“The Afghan people are here because the Americans and the Australians have invaded their countries. We don’t have any right to be in Afghanistan and all that’s been created is a mess. We are the cause of this. Few people leave their country of birth unless it’s for a good reason or the life they face is terrible.
“It doesn’t matter who’s in power—Liberal or Labor—there’s no difference in the way they treat these people. Locking up people like this should not be allowed under any government. I can’t find the words to sum up how sad I feel about this and I get very angry about the way the talkback radio and the newspapers stir up people against refugees. They’re responsible for all this racism,” she said.
Nancy, originally from Lebanon, came with her daughter to the protest. “These people probably suffered for years now and I think they should be just given a chance to start a new life here in Australia. They’re being locked up for nothing,” she told WSWS reporters.
Nina, from Wollongong about 100 kilometres south of Sydney, heard about the protest via a text message and decided to come and lend her support.
“I’ve been horrified [about detention centres] for a long time. I think asylum seekers should be protected and sheltered. The conditions in the detention facilities must be terrible. People are going mad and they’re not being acknowledged; that’s the worst thing. Families are in there for years on end. It’s prison,” she said.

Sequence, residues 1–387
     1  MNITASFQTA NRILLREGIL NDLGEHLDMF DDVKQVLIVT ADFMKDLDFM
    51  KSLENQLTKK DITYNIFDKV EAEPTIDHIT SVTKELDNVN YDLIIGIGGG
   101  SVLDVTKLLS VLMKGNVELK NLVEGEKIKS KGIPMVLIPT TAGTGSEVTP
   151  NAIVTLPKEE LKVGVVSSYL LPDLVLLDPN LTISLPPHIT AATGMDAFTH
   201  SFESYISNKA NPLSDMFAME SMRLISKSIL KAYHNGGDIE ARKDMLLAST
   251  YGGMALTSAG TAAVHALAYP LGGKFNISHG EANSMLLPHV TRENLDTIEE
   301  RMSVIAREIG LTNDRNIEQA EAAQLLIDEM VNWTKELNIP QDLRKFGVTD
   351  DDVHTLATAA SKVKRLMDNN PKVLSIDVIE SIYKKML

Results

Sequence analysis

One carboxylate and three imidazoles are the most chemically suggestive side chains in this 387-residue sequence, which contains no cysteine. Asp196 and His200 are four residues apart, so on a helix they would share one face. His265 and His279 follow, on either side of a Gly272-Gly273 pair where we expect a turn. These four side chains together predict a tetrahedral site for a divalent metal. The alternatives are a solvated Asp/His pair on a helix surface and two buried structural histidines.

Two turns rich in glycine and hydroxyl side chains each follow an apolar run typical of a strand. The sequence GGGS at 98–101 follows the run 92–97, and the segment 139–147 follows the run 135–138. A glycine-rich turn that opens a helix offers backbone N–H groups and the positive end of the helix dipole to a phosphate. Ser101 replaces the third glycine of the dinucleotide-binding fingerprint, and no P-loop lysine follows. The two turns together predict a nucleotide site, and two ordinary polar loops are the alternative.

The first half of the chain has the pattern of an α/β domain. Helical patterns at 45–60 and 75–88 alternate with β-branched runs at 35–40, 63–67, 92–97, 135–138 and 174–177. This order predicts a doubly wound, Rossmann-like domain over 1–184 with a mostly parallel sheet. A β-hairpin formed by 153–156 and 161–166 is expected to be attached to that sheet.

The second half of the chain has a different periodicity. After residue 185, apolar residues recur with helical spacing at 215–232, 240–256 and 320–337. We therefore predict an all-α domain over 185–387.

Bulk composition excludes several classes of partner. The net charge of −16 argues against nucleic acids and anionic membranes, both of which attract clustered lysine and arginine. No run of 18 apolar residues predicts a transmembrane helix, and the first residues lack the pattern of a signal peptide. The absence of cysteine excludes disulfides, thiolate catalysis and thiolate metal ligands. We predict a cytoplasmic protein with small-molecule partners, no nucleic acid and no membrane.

Julie, originally from Lebanon, told the WSWS: “Why can’t these people get a fair go? They’re not criminals and they didn’t do anything wrong. They are human beings—just like you and me. They should be allowed to stay: it’s a big country.”
Ray, her son, said: “These people are seeking asylum and they’re willing to die in their attempts to come here. Isn’t it supposed to be a human right to have shelter?”
Dallas Kumar, a small-business owner who immigrated to Australia about ten years ago, was driving past the detention centre and decided to stop. He was visibly upset about Rauluni’s death and said it had shocked all his friends and other members of the Fijian community.
“This is a real tragedy. Fiji is so close to Australia—we are neighbours—but how can the government treat neighbours like this. This guy was only 36 years old and all he had done is over-stay his visa. Why should this be a crime? I just don’t understand it.
“As soon as we found about his death we all began phoning each other and a few people came round to our place yesterday afternoon to talk about it. It’s the first time we’d ever heard of a Fijian national doing this in Australia and it made us worry about what the situation is like in these places. The government should be more lenient towards these people.”
“I’m not surprised this is going on under Labor,” he added. “They don’t care about ordinary people and although I’m a Liberal voter—I have a small business—I have to admit that they all have the same policies.”